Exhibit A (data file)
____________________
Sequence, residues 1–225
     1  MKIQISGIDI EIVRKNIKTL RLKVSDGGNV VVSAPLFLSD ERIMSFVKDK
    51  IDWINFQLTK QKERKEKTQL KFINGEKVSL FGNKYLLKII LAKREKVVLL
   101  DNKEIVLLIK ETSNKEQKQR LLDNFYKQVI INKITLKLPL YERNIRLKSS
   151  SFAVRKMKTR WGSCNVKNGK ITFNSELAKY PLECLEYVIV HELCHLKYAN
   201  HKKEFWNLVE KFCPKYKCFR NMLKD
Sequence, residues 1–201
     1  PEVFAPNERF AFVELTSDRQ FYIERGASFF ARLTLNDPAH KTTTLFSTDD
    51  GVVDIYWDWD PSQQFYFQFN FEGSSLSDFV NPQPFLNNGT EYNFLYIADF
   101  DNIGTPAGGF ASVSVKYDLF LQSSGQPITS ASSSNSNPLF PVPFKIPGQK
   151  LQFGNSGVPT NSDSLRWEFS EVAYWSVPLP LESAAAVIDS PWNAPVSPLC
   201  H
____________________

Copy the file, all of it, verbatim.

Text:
Sequence, residues 1–225
     1  MKIQISGIDI EIVRKNIKTL RLKVSDGGNV VVSAPLFLSD ERIMSFVKDK
    51  IDWINFQLTK QKERKEKTQL KFINGEKVSL FGNKYLLKII LAKREKVVLL
   101  DNKEIVLLIK ETSNKEQKQR LLDNFYKQVI INKITLKLPL YERNIRLKSS
   151  SFAVRKMKTR WGSCNVKNGK ITFNSELAKY PLECLEYVIV HELCHLKYAN
   201  HKKEFWNLVE KFCPKYKCFR NMLKD
Sequence, residues 1–201
     1  PEVFAPNERF AFVELTSDRQ FYIERGASFF ARLTLNDPAH KTTTLFSTDD
    51  GVVDIYWDWD PSQQFYFQFN FEGSSLSDFV NPQPFLNNGT EYNFLYIADF
   101  DNIGTPAGGF ASVSVKYDLF LQSSGQPITS ASSSNSNPLF PVPFKIPGQK
   151  LQFGNSGVPT NSDSLRWEFS EVAYWSVPLP LESAAAVIDS PWNAPVSPLC
   201  H